Someone Should Stop Letting Stephen King Write Baby Books

Yesterday at nap time, I read to my daughter. Like I usually do. (I’m told the award is in the mail.)

We picked (I picked and she didn’t try to beat the crap out of the book to get me to drop it) Touch & Feel Baby Animals.


Yes, the last page looks a lot like this:

The tiger is smaller, but the book is fairly emphatic about his need of a tiger snack after a long day of play.

And Iā€™m pretty sure that whatever the tiger is snacking on once looked a lot like this:

N in the Serengeti. Hoping the sun blinds the stalking tiger cub.

Good sweetie! Sleep tight! Don’t let the hungry tiger cub tear you limb from limb!

Alex Iwashyna

Alex Iwashyna went from a B.A. in philosophy to an M.D. to a SAHM, poet and writer by 30. She spends most of her writing time on, a humor blog (except when it's serious) about her husband fighting zombies, awkward attempts at friendship, and dancing like everyone is watching. She also has a soft spot for culture, politics, and rude Southern people who offend her Yankee sensibilities. She parents 2 elementary-aged children, 1 foster baby, 3 cats, and 1 puppy, who are all Southern but not rude. Yet.

14 thoughts to “Someone Should Stop Letting Stephen King Write Baby Books”

  1. It’s a modern day version of the Little Red Riding Hood. “Kids don’t be bad otherwise the tiger may come and EAT YOU! You don’t want that do you??” LOL Yesh

  2. Why are children’s stories and lullabies so terrifying?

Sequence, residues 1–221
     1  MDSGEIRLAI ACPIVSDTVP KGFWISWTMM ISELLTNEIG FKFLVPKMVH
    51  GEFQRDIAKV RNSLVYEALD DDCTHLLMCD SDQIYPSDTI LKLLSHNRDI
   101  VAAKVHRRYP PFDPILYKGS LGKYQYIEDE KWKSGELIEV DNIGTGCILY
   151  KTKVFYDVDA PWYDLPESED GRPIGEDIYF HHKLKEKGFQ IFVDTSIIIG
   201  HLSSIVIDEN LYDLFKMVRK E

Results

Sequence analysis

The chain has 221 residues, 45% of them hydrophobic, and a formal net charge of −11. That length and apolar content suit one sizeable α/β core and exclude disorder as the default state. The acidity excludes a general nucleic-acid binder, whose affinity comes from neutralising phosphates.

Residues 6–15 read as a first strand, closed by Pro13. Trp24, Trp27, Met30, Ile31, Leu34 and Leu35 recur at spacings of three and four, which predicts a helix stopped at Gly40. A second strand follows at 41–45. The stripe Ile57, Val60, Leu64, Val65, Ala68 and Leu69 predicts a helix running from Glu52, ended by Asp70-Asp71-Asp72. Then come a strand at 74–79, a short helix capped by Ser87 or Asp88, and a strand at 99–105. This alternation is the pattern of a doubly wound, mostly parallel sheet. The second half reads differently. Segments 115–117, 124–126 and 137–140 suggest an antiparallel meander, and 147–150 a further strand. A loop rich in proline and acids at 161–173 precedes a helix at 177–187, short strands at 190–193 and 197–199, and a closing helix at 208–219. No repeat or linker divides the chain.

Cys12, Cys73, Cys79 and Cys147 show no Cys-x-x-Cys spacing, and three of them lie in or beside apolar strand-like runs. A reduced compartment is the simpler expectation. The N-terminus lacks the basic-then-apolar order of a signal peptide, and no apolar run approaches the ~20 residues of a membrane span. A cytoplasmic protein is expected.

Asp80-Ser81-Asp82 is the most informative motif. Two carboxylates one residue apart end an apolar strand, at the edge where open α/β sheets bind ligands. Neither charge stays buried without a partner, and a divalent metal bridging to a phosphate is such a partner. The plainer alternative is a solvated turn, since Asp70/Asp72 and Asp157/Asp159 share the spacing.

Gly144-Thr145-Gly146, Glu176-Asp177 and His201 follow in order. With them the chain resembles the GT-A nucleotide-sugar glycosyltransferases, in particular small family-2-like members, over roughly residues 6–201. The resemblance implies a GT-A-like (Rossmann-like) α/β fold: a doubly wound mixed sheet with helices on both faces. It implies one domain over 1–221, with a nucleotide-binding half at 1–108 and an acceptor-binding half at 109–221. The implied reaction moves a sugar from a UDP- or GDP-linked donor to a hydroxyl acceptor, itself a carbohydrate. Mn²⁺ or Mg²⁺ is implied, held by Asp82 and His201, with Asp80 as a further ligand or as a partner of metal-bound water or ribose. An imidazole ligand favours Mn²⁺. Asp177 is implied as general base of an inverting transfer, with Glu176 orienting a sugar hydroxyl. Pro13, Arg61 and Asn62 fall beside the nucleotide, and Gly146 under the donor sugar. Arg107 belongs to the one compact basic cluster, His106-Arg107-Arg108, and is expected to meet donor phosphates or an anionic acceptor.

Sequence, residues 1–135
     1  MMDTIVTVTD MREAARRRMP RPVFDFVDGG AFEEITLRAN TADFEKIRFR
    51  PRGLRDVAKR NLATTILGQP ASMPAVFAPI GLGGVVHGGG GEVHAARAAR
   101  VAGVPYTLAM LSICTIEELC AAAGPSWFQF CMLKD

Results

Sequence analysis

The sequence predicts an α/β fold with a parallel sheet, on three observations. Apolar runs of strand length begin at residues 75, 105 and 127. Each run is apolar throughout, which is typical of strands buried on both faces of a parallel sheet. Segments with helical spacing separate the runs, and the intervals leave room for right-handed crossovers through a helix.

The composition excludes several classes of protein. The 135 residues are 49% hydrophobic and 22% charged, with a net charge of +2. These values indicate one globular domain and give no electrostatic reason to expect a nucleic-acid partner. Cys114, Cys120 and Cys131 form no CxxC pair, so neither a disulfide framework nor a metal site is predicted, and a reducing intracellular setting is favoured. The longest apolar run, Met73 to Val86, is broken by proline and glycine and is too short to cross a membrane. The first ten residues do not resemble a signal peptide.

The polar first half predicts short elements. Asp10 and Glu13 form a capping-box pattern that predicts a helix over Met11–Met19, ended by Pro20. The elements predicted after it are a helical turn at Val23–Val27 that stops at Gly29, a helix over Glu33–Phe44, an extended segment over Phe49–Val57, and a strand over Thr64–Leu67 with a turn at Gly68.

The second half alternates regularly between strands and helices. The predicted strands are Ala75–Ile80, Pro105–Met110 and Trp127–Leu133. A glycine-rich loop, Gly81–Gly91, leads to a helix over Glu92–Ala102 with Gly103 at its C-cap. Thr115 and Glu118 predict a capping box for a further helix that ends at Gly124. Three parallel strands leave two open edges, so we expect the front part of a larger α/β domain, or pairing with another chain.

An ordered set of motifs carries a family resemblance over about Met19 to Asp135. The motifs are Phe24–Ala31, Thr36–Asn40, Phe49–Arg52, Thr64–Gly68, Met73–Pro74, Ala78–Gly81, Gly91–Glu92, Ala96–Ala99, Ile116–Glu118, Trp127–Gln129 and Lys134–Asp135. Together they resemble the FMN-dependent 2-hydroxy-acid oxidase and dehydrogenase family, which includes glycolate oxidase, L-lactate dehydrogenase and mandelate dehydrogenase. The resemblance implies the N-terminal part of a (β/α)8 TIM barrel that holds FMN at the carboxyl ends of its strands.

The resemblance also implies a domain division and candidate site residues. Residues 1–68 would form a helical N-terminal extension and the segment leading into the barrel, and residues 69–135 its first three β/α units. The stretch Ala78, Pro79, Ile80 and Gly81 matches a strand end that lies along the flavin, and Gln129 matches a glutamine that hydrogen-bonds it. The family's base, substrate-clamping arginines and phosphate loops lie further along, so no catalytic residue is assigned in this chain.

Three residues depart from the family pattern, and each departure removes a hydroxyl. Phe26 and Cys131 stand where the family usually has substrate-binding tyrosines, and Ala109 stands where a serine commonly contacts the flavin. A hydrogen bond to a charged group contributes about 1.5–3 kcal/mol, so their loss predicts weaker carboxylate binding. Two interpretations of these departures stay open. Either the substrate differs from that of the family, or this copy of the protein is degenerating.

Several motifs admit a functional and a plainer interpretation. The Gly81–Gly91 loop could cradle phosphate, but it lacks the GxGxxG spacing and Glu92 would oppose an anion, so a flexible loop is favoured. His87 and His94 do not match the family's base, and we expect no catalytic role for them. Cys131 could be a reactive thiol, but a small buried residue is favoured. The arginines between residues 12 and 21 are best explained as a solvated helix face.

London Bridge is falling is down
    Ring around the rosey is about bubonic plague
    The Cradle Falls Down

    I mean, really they’re just terrifying.

  3. In the jungle, the mighty jungle, the lion sleeps tonight…..HA HA HA!

    (If you know where they came from, you’ll never read them to your children, either. Ring around the rosy, we all fall down–from the plague.)

  4. First – great picture of N. Second… yes… We just read a version of the three little pigs. Which is more disturbing – that the wolf wants to eat them or that he lands in a fire at the end. And some books even have the pig eating the wolf! (This one was javalinas and a cayote, but same thing.)

    Feel better. (My filter is gone too.)

  5. Did you know that Stephen King donated a children’s wing to a Maine hospital? Because that’s the hospital I would definitely want my kid to be treated at.

    If I wanted her to come back as a flesh-eating zombie, that is.

  6. Oh my, that sounds like a tough toddler book! As KLZ says it is very interesting how awful and scary the old fashioned nursery rhymes are with mice getting tails cut off, maids noses pecked off, babies falling out of trees etc. I think the Tiger would probably prefer bigger prey than a tiny toddler though, so it’s your good self who needs to be worried šŸ™‚

  7. I agree with a couple of the commentors here — all the nursery rhymes and fairy tails are all just…well, pretty depressing, LOL. Like the old lady who swallowed a fly (perhaps she’ll DIE).

    I guess we need some way to open up the conversation about death. I’m sure my daughter will one day ask me, “Mama, what’s die?”

  8. The nursery rhymes and fairy tales do prompt some interesting questions and conversations, don’t they? When one of my girls was in preschool, she told me her teacher put her in a cage every day during nap time – later discovery revealed they were practicing “Hansel and Gretel” for a school performance.

    Of course, she also used to wail “Stop treating me like Cinderella!” when she was in time-out.I learned my lesson by the third child, though. Harold and the Purple Crayon and Jamberry are on the bookshelf, now.

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